No matter what industry you’re in, brand image is the reason behind most of your website hits, phone calls, facility visits, new customers, repeat customers and anything else that leads to a sale.
It’s all about the brand image.
Because of this, let’s spend some time learning how your catering company can capitalize on a positive brand image. First thing’s first, though, there’s one hugely important thing you’ll need to know.
It doesn’t matter if you are a caterer, an event planner, a rental company, a drugstore or a clothing line:
Your company’s brand image is always the consumers’ view of the brand.
This is so important that we’re going to mention it again: the brand image is formed within the consumers’ mind–not yours!
Specifically, your brand image is formed through a unique bundle of associations that he or she (let’s just call the consumer a she) has.
As a caterer, this might extend to the consumer’s experience on your website by her interactions with your delivery and sales people, the time and place she first heard your radio advertisement, the weather (good or bad) and her mood (also good or bad!).
This also includes the last event she attended that you catered and everything else she might bundle in her mind and associate with y-o-u.
Do you see how you cannot create the brand image? (Last time we checked, caterers could not control the weather—or this industry would be rich!) You can certainly try to control your marketing messages, employee behaviors and event execution, but no matter what, the consumer’s opinion automatically forms in her mind based on ALL of those things that she willingly or unwillingly takes into consideration when she thinks about her experiences with you.
This leads us nicely to the next point:
Brand image forms through brand experience—or the sum of all points of contact the consumer has had with your brand.
Like it or not, this includes everything from what she needs as a consumer to what she has experienced firsthand with you to what she hears from other people about you.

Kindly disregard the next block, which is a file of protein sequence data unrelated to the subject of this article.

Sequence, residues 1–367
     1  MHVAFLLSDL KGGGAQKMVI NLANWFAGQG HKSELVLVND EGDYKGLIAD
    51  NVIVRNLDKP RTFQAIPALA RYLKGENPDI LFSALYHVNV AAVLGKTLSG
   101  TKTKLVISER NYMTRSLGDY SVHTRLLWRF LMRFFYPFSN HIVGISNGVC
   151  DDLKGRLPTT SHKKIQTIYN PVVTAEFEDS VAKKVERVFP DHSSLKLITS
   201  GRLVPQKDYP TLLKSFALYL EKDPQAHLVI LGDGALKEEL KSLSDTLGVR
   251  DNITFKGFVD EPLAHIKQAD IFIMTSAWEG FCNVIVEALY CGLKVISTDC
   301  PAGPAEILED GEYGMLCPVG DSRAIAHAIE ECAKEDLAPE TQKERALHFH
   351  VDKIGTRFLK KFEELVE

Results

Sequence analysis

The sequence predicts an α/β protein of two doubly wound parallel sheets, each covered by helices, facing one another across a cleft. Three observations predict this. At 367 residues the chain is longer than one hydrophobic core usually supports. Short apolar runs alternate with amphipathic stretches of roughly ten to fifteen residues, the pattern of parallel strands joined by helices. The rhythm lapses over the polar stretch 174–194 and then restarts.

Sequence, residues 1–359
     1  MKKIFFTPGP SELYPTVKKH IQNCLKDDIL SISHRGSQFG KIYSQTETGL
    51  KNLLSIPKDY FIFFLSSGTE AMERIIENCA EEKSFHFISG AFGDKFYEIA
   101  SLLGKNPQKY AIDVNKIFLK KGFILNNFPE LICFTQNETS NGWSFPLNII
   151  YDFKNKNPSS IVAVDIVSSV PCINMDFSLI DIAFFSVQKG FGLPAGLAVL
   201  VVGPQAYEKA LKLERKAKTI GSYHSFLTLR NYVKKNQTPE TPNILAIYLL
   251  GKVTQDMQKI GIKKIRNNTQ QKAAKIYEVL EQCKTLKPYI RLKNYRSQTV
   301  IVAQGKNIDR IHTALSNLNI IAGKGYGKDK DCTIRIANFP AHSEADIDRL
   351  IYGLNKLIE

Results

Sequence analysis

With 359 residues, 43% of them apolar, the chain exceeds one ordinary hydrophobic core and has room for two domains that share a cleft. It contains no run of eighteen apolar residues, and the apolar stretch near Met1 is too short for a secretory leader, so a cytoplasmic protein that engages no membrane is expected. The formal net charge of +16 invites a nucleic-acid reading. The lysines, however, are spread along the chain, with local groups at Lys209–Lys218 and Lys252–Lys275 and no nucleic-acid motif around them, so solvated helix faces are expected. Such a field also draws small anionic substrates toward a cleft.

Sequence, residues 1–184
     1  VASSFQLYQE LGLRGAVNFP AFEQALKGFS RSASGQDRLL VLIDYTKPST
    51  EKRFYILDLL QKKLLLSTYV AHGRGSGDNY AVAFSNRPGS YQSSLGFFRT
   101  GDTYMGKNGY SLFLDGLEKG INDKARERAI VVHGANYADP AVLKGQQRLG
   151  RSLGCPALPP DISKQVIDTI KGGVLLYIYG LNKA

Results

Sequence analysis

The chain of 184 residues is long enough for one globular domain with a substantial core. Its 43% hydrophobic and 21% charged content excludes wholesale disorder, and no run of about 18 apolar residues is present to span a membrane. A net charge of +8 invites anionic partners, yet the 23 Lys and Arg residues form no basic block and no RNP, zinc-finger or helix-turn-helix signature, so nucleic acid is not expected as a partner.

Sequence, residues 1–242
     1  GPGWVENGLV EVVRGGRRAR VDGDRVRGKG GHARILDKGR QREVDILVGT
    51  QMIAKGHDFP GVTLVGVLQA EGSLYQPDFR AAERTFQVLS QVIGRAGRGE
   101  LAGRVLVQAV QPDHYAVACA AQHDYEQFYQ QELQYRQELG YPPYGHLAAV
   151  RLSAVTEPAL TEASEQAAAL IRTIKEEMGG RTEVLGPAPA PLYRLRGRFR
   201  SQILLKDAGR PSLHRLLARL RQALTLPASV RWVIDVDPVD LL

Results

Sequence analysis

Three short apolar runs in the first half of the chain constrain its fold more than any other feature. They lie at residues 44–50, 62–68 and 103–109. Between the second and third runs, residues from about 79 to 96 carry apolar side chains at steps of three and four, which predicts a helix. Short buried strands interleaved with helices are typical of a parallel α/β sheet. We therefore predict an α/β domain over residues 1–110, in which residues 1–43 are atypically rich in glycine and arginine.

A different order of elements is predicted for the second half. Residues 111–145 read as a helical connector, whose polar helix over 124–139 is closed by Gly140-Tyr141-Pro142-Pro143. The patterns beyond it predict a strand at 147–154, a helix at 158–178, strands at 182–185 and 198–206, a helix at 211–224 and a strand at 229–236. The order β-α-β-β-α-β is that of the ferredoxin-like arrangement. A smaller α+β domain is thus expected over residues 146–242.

In other words, a company can do everything “right” in regards to its brand and STILL have a poor brand image in a consumer’s mind, which is generally a bad thing.
A poor brand image won’t make you any money!
How Does this Information Apply to Your Company?
To best explain, here’s an example:
I’m Consumer Claire, and I just saw an intriguing advertisement in a business journal for ABC Catering. I like what I see, so I visit the company’s website thinking I can use ABC Catering for our next annual company picnic.
The website is full of perfect photos and messages that make me think, “This is it! The company I’ve been looking for! I’ve got to call them about our company picnic.” But then my sister-in-law tells me that her company used ABC Catering for its annual picnic and all she remembers is that her cheeseburger was soggy.
Suddenly, Consumer Claire’s perception of ABC Catering went from perfect to soggy.
Now, on the day of her company picnic, my sister-in-law was having a stressful day. Her 5-year-old was sick, her husband was out-of-town and she had to prepare for a speech at work the following Monday. Would you be a bit pessimistic about a busy and stressful day like that?
On top of it all, she said the cheeseburgers were soggy and cold because that’s all she remembers that is specific to what the caterer brought to the table. What really happened, though, was her 3-year-old spilled some water onto her plate while they were eating, which is why her burger was soggy, but she never mentions that to me.
Everyone else at her company’s picnic said the burgers were delicious. But does that matter?
Here is the bad news…it doesn’t matter, because in my mind, I now associate ABC Catering with my sister-in-law’s tale of soggy burgers.
In the mind of Consumer Claire, ABC Catering’s brand image is now tainted even though ABC Catering did nothing wrong!
You just lost Consumer Claire.
Controlling the Controllables
These uncontrollable elements—in addition to the controllable elements like the beautiful website and advertisement that got Consumer Claire to consider ABC Catering in the first place—impact the brand image, good or bad. This is why the brand image is different for every single consumer and no brand can create or maintain one.